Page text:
'Today' Show Viewer Losses Not Confined to Women

It's not only female viewers that have stopped watching NBC's
morning Today show within the past year. Male viewers have also departed
at almost the same percentages as women in the various demos, but the viewer
totals are less because there were less men watching to begin with.

In the year since reports first surfaced in April 2012 that
Ann Curry was going to be replaced as one of the Today cohosts, 18% of
male Today viewers in the 18-49 demo have stopped watching, 16% of male
viewers in the 25-54 demo have departed and 12% of men 55-plus left, according
to Nielsen data.

That compares to 19% of women 18-49 who stopped watching,
19% of women 25-54 and 6% of women 55-plus.

As far as viewer numbers go, among men 18-49, 116,000 have
stopped watching since April 2012, leaving the total number of men in the demo
at 501,000. Among men 25-54, 129,000 are no longer watching, leaving a male
audience in the demo of 656,000. Among men 55-plus, 126,000 have stopped
watching, leaving 916,000 men in that demo.

Among 18-49 females, 225,000 less were watching this April
compared to last April, reducing the total female audience in the demo to
975,000. Among women 25-54, 300,000 less are watching, leaving the female
audience in that demo at 1.3 million. While among women 55-plus, 100,000 have
departed since April 2012, leaving an audience in that demo of 1.6 million.

So has ABC's Good Morning America picked up male
viewers over the past year as a result of the Curry turmoil at NBC?

It has. GMA gained 3% more male viewers 18-49 since
April 2012, upping the demo total to 463,000. Among men 25-54, GMA has
picked up 8% more male viewers to push its total to 623,000. And among men
55-plus, GMA has added 13% more viewers to make its April 2012 total in
the demo 937,000, meaning GMA surpassed Today among men 55-plus.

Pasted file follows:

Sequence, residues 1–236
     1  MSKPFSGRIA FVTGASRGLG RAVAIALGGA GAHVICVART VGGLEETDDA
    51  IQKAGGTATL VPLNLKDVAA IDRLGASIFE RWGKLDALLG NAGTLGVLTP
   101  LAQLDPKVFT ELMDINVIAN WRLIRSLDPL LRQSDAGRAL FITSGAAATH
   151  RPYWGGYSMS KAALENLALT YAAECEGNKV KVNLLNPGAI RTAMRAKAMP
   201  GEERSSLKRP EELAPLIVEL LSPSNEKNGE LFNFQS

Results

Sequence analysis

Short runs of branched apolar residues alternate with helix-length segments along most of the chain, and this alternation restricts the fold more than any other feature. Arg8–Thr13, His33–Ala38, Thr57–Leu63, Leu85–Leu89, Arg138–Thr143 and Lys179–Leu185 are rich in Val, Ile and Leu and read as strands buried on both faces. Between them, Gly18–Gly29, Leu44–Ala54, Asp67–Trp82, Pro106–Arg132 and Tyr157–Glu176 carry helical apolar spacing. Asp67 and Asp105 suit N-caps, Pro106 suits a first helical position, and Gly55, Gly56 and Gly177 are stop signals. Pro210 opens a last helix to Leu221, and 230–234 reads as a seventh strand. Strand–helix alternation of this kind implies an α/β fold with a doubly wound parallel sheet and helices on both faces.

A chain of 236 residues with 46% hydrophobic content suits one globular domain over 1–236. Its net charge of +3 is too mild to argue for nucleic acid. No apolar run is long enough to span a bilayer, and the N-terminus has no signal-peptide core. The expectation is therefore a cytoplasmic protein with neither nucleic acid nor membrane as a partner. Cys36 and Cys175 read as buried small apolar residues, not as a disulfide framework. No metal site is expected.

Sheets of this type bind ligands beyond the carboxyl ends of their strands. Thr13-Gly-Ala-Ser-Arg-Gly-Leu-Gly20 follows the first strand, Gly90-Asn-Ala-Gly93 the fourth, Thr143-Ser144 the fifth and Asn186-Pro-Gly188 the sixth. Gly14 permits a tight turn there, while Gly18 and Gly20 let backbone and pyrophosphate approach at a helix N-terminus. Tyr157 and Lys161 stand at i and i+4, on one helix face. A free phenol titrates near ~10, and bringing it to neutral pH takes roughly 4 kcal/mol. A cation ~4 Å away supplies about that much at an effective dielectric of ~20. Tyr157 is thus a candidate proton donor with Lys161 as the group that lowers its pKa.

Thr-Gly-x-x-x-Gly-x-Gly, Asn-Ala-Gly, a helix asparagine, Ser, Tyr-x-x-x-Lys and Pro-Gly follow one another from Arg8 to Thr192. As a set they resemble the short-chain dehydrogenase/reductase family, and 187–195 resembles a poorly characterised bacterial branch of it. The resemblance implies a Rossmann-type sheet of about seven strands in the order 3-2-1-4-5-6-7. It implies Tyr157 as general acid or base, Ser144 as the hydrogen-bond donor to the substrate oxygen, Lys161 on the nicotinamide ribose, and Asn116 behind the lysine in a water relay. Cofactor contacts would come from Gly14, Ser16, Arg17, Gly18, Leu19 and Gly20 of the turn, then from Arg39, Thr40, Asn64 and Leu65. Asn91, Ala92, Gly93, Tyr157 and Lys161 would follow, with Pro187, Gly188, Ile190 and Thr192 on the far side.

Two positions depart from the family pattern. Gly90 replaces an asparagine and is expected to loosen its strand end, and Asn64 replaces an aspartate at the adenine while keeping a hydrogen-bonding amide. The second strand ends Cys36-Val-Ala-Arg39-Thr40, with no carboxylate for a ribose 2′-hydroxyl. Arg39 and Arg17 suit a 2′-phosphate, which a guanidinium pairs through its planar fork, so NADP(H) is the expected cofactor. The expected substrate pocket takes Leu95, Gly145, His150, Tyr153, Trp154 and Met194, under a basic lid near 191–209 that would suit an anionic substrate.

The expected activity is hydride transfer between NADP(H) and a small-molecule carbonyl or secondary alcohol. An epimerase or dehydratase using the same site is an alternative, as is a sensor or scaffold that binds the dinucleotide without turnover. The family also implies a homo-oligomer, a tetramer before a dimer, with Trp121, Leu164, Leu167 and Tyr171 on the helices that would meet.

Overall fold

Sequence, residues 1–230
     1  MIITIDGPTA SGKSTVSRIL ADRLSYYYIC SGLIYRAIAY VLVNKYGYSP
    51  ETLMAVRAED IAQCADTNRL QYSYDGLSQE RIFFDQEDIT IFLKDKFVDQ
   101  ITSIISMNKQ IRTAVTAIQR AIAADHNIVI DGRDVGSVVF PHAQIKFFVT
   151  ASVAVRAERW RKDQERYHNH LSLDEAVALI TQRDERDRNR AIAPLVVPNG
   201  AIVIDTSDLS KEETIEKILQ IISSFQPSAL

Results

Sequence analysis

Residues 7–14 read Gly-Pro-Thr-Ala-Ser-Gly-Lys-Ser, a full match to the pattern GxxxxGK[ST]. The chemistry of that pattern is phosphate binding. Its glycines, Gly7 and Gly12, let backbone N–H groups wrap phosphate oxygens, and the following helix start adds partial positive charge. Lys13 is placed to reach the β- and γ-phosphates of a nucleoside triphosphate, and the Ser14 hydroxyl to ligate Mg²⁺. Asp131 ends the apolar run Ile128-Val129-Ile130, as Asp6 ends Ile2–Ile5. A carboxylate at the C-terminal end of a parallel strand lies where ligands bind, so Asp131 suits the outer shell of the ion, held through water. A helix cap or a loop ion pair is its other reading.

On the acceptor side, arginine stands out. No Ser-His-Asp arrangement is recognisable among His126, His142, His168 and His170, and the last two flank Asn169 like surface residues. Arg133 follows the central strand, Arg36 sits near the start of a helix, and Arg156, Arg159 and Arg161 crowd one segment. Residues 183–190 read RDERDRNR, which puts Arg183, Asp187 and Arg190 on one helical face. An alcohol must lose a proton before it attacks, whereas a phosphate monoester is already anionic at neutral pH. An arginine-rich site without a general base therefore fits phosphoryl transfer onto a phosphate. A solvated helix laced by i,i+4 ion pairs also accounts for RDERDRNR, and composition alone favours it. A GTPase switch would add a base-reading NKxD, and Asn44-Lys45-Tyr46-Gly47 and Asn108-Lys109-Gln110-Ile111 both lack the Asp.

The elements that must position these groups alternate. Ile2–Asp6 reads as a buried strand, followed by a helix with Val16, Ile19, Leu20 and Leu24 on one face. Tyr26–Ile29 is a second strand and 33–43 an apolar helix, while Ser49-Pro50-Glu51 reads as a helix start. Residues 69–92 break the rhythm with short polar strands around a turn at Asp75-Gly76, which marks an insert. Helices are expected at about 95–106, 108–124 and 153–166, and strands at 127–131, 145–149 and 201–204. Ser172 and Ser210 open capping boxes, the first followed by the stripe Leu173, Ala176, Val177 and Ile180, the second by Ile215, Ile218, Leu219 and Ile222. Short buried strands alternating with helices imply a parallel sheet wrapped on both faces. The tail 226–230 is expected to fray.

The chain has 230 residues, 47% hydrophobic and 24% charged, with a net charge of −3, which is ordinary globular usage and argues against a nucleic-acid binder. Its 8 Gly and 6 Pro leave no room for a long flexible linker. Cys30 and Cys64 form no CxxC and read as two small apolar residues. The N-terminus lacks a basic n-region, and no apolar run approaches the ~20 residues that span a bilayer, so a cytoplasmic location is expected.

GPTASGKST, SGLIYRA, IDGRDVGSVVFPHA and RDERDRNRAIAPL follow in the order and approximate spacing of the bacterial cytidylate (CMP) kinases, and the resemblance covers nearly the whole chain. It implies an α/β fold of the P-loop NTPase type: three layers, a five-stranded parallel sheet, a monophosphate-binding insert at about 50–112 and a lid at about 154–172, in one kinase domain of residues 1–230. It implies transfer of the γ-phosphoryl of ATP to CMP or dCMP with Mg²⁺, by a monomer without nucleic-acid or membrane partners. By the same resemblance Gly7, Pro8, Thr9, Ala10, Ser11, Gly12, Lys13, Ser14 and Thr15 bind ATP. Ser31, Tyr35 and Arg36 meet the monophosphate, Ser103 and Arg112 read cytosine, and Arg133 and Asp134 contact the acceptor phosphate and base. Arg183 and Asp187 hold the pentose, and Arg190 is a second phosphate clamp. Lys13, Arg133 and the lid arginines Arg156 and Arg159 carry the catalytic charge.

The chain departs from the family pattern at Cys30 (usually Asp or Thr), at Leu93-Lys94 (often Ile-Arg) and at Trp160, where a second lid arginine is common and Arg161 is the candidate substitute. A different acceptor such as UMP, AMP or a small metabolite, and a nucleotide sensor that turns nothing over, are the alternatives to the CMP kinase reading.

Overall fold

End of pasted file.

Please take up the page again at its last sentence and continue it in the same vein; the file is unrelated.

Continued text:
How about the younger, millennial viewers? How have they
reacted to the Today show situation? Among all adults 18-34, Today
saw 16% of its audience in the demo defect, losing 79,000 viewers in the past
year to drop its total to 420,000. Meanwhile, GMA wound up picking up
hardly any of those younger viewers. It gained just 1% of viewers in the 18-34
demo from April to April, picking up 4,000 and boosting its total to 363,000 viewers.

Breaking it down even further, in the 12-17 demo, Today
actually increased its viewership by 10% to 71,000, while GMA remained
flat at 67,000. From an advertiser viewpoint, those numbers are basically
irrelevant, except that with the PR battle going on between Today and GMA
for total viewer supremacy, 4,000 viewers more in the short term can help Today
stay close in a tight battle.

The morning broadcast daypart, much like all the other
broadcast dayparts, have more women than men watching, although the ratio of
men to women on the morning shows is a lot closer than in the afternoon
broadcast daypart or even for many primetime shows. And marketers do want to
also reach a mass male audience on the broadcast networks when they can.

So the male audience losses for Today can be as
significant as the loss of female viewers, even though they are fewer in

GMA is right on
the cusp of passing Today in male viewers in both the 18-49 and 25-54
demos. In April 2008, Today was averaging 225,000 more male viewers in
the 18-49 demo than GMA. By April 2013, that advantage was down to just
38,000. And in the male 25-54 demo, in 2008, Today was averaging 295,000
more men than GMA. This April, Today led GMA by only
33,000 in the demo.

Ann Curry is gone, her replacement Savannah Guthrie hasn't
been working out as successfully as the NBC brass had hoped, and Matt Lauer is taking
the public rap for Curry's replacement on the show-all of which leaves NBC
brass needing to consider what Today's host team should look like going

When they do, they need to figure into
the equation that even though about twice as many women as men are still
watching the Today show, it will be important to make sure whomever is
on the new host team is liked by male viewers as much as by women.